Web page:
that said -- onlookers don't get involved because there have been many instances where they have been punished (by lawsuits and false accusations) - for getting involved! like the young man who tried to help out a neighbor by watching her young son after school, so she could work -- she took him to court when he moved away and tried to get him to pay child support because he'd become a 'father figure' to the child! The man's own sisters thought he was being heartless for not caring about the child, even though they agreed he didn't owe child support. In what alternate world do these crazy witches live? it boggles the mind!

CA is rife with laws that protect the wrong person. A woman allowed a former neighbor to crash with her for a month while she looked for work and a place to live. After 3 months, she found out there was no way to get that woman out of her house! She couldn't serve an 'eviction notice' because she wasn't renting to her. BUT she could be jailed for forcing her out of her own house because that would be considered endangering someone's life!!!! So -- do you think that lady will ever help another person in need? Will anyone else who's heard her story? Will a man ever offer to help a neighbor out of the kindness of his heart?

It has become harder and harder and harder to be good to your neighbor! I don't know how to break the cycle! we need more worm-women and centaurs to start loving!!

"Do not put the key to your happiness in someone else's pocket"
--Author Unknown



lindoboy100 59M  
23969 posts
3/22/2021 4:13 pm

Excellent essay McDream......and you even managed to get fishing bait into it!!

We're having a spate of attacks on bus drivers by gangs of youths at the moment, I keep asking myself 'where are the parents, what are they thinking?'

And then we see our leaders behave badly at every turn yet they get off with hardly a wrist smack.

For me, it's about leading by example, and that's as important with one's peer group as it is at home and in the public eye.

But hey, I'm far from perfect, I just have a very high horse.....


smartasswoman 64F  
35813 posts
3/22/2021 8:58 pm

To be honest, I despair at the number of people who find it easy to hate others.

I'm lucky because there is hardly anybody amongst my family and friends who behaves in a way where I would feel like I had to speak up.

But there has been the occasional situation, maybe a dinner out with a large group of casual acquaintances, where I hear a remark that I can't let go by. Usually I find that quietly saying "Not cool." is enough to make the person think twice about their racist or sexist comments.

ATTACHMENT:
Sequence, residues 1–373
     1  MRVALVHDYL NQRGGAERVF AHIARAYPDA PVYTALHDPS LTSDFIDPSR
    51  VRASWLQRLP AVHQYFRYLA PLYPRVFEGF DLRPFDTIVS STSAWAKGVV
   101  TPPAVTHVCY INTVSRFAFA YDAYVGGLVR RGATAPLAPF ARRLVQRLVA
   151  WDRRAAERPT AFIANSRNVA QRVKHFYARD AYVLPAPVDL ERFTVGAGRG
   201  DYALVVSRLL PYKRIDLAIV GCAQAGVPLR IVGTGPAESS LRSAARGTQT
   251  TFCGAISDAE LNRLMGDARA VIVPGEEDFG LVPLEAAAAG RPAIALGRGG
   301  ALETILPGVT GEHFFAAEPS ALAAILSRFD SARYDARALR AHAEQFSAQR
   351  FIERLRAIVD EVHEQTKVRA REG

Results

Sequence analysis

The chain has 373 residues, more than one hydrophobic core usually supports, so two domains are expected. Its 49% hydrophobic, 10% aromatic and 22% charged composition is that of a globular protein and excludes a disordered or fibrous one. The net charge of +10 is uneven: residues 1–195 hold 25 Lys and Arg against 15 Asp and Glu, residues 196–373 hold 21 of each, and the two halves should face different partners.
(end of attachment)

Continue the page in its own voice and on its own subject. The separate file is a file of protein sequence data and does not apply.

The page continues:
hotdreamer1000 62M
12409 posts
3/23/2021 1:12 am

    Quoting Violette001:
    In all honesty, i wouldn't at all be offended if a centaur whistled at me! lol

    that said -- onlookers don't get involved because there have been many instances where they have been punished (by lawsuits and false accusations) - for getting involved! like the young man who tried to help out a neighbor by watching her young son after school, so she could work -- she took him to court when he moved away and tried to get him to pay child support because he'd become a 'father figure' to the child! The man's own sisters thought he was being heartless for not caring about the child, even though they agreed he didn't owe child support. In what alternate world do these crazy witches live? it boggles the mind!

    CA is rife with laws that protect the wrong person. A woman allowed a former neighbor to crash with her for a month while she looked for work and a place to live. After 3 months, she found out there was no way to get that woman out of her house! She couldn't serve an 'eviction notice' because she wasn't renting to her. BUT she could be jailed for forcing her out of her own house because that would be considered endangering someone's life!!!! So -- do you think that lady will ever help another person in need? Will anyone else who's heard her story? Will a man ever offer to help a neighbor out of the kindness of his heart?

    It has become harder and harder and harder to be good to your neighbor! I don't know how to break the cycle! we need more worm-women and centaurs to start loving!!
You make a very good point V, although I think you also strayed a little into other areas of injustice! (Not that I disagree with you - the law is sometimes crazy, but of course it is still the individual creating the problem.)

But although I agree that there is currently a disincentive for onlookers to get involved, (and in many cases they probably shouldn't) I was thinking more about the social circle of the offender offering their correcting view point in general, not onlookers wading in at the scene in the heat of the moment.


hotdreamer1000 62M
12409 posts
3/23/2021 1:17 am

    Quoting  :

Hi there, good to meet you. Yes, I agree, onlookers wading in never helps. This is a good point, and a distinction I should have been clearer about, because both you and Violette have picked up on it.

I was really meaning that these behaviours could be criticised generally within a social circle, not by onlookers at the time. But of course you also make the excellent point that bad kids may tend to gravitate to other bad kids, and get their attitudes reinforced rather than criticised.